A Mesopotamian Epic Poem In The Epic Of Gilgamesh

2101 Words9 Pages
The roots of human development can be traced as far back as the Paleolithic period where the first remnants of individuals with the genus homo could be found. Long before human society had evolved to a point where it could be called a civilization, an ancient form of parable existed, the predecessor of all forms of Cultural Revolution that would follow in subsequent generations. These fables and allegories existed in a time before written word or language, before any art forms, before modern conceptions of philosophy and science, and eventually formulated the basis behind many of the earliest and greatest works of ancient literature. These ancient mediums of passing knowledge down to subsequent generations were known as myths. In terms of origin,…show more content…
Enkidu represents humanities desire to live and prosper, something reinforced by the bitterness he emits upon being sentenced to death. Upon his quest he stumbles upon an old man known as Uta-na’ishtim, who has been chosen by the gods to be blessed with immortality, the very thing that Gilgamesh seeks. Uta-na’ishtim is the son of the Sumerian king Abara tutu and he represents the embodiment of life due not only to his inherent immortality, but by the significance of the events which triggered it. In the epic of Gilgamesh, The great flood is triggered by an angry god who is irritated with the noises of humans disturbing his sleep, which juxtaposes with the flooding of the Tigris and Euphrates rivers which beckoned the bringing of life as opposed to death. However this irony is subsidized in the form of Uta-na’ishtim who not only survives the flood by constructing an arc, but as a consequence ends up obtaining immortality from the gods. This gift of immortality makes him the literal embodiment of life, and as the savior of humanity, it correlates with the prevalence of flooding within the Fertile crescent that just as the floods bring fertile soil and life to the earth, Uta-na’ishtim,…show more content…
The concept of Monarchies were challenged, as advocates for social rights and egalitarian societies surfaced, and these changes manifested themselves in the critical thoughts of early philosophers, and the structure of civilizations pertaining to their immediate environments. The ancient Greeks are often credited with having been the birthplace of early philosophy and early ideals of democracy, with their concepts of democracy stemming from a strong sense of individuality and resent for monarchy. Ancient Greece was located in a very mountainous area, which made inner land travel difficult and secluded communities away from each other. As a result of this, many cities were located by the sea, and travel was predominantly through the usage of the Aegean Sea. In a number of ways Greece differed from other civilizations at the time. Fertile land was scarce, and this scarcity of land that could sustain agricultural product meant that Greeks had to find other ways to sustain themselves. As a direct influence of their environment, Greece was almost naturally segregated by its meandering paths through mountains which resulted in cities being spaced in relative isolation from one another. People who lived within Greece did not associate themselves as Greeks, but rather identified themselves by the city-states termed “polis”, in which they resided; a testament to the natural sectioning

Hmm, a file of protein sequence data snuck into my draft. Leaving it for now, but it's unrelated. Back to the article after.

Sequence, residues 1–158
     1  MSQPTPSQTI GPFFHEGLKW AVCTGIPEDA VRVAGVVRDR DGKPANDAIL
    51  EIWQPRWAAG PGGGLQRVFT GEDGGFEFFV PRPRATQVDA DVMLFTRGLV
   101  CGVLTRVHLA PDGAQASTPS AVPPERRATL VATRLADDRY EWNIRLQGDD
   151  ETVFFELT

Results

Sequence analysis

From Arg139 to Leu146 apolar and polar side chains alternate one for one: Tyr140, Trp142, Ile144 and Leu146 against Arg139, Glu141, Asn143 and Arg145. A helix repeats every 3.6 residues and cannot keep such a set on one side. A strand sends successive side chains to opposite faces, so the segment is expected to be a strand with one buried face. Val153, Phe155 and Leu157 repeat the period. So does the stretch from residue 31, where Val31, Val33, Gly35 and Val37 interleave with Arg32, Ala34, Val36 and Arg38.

More about A Mesopotamian Epic Poem In The Epic Of Gilgamesh

Open Document